- Oral presentation
- Open Access
Prevalence of sensitization to cow‘s milk in EuroPrevall Lithuanian birth cohort
© Butiene et al; licensee BioMed Central Ltd. 2013
- Published: 25 July 2013
- Atopic Dermatitis
- Milk Product
- Food Allergy
- Allergic Disease
Although cow’s milk allergy is considered as food allergy prototype, true prevalence of cow's milk allergy in Lithuania is not known. Aims of this research were to determine the prevalence of sensitization to cow’s milk in EuroPrevall Lithuanian birth cohort, to evaluate the relationship between children age and gender, sensitization to other allergens, relationship between sensitization to food allergens and severity of atopic dermatitis, to determine the influence of different parental factors on sensitization to milk.
Data analysis of sensitized to cow’s milk and their control children from Lithuanian birth cohort was performed. Sensitized to cow’s milk were grouped into 4 groups according to age: from birth to 6 months – group 1, 6–12 months – group 2, 12–18 months – group 3, more than 18 months of age – group 4.
The sensitization to cow’s milk was found in 3.4% (52/1558) of children. The significant difference between symptomatic and control children according gender was not detected (p = 0.34), but the analysis according the gender and age groups showed statistically significant difference (p=0.02): in group 1 sensitization was found in 80% of boys and only 20% of girls, while in group 4 - in 20% of boys and in 80% of girls. Sensitization to more than one allergen was found in 50% of sensitized to cow‘s milk children. 45 (86.5%) sensitized children were diagnosed with atopic dermatitis. The mean SCORAD index (35.5) for those children, who were sensitized to more than one food allergen, was significantly higher than sensitized only to milk – mean SCORAD index was 19.3 (p=0.006). Maternal disease during pregnancy and delivery, use of antibiotics, parental allergic diseases had no significant influence on early sensitization to cow‘s milk (p>0.05). Maternal avoidance of milk products during pregnancy and lactation, as well as use in elevated amounts was not related to an early sensitization to milk allergens (p>0.05).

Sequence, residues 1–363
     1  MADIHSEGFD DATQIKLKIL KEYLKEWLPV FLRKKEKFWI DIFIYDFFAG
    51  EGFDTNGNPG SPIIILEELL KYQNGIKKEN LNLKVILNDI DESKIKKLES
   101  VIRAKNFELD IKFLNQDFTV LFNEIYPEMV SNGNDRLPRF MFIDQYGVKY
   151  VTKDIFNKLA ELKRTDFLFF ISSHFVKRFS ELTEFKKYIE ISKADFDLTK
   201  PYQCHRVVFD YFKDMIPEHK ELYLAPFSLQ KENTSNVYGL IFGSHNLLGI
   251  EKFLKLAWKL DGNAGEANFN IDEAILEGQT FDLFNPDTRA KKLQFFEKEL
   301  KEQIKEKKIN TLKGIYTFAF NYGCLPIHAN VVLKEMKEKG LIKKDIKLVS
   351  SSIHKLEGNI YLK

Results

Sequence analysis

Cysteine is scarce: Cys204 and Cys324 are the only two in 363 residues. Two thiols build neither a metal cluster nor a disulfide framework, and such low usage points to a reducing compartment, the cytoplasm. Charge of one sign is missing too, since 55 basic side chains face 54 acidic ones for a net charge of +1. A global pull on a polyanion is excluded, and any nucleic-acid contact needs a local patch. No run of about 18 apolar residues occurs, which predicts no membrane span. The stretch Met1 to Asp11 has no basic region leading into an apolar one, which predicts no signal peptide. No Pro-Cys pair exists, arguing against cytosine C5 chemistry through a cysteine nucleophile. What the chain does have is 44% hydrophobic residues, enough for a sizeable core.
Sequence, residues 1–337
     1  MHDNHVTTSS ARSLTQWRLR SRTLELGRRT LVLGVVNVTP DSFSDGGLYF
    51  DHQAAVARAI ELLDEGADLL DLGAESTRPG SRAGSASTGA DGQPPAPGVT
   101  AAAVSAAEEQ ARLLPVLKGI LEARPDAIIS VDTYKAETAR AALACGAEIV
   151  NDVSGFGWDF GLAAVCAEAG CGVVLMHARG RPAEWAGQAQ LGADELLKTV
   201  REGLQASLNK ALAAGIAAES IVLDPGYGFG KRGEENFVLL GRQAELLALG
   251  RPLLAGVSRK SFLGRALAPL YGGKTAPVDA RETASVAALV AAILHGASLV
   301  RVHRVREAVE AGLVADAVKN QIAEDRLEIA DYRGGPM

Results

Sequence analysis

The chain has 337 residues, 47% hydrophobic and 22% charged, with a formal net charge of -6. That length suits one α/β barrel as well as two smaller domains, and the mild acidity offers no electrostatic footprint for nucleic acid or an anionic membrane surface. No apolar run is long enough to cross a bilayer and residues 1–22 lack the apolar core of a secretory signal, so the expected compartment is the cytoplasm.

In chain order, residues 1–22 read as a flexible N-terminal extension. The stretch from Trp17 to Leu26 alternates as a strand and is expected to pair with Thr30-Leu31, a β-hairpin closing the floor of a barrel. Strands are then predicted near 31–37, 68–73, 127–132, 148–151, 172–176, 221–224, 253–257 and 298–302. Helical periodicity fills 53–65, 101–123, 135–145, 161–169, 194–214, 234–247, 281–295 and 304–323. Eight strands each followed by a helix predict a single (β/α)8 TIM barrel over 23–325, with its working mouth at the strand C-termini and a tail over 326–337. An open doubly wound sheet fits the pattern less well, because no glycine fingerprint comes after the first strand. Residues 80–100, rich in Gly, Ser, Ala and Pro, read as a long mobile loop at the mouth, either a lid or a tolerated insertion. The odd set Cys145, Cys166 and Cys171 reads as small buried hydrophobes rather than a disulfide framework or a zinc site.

The prevalence of sensitization to cow‘s milk in EuroPrevall Lithuanian birth cohort was 3.4%. In children less than 6 months the sensitization rate was significantly higher in boys, and for older than 18 months – in girls. In children, sensitized to more than one food allergen, SCORAD index was significally higher comparing to sensitized only to milk. There were no statistically significant relationships between maternal disease, use of antibiotic, maternal diet during pregnancy and lactation, parental allergy and sensitization to milk.
This article is published under license to BioMed Central Ltd. This is an Open Access article distributed under the terms of the Creative Commons Attribution License (http://creativecommons.org/licenses/by/2.0), which permits unrestricted use, distribution, and reproduction in any medium, provided the original work is properly cited.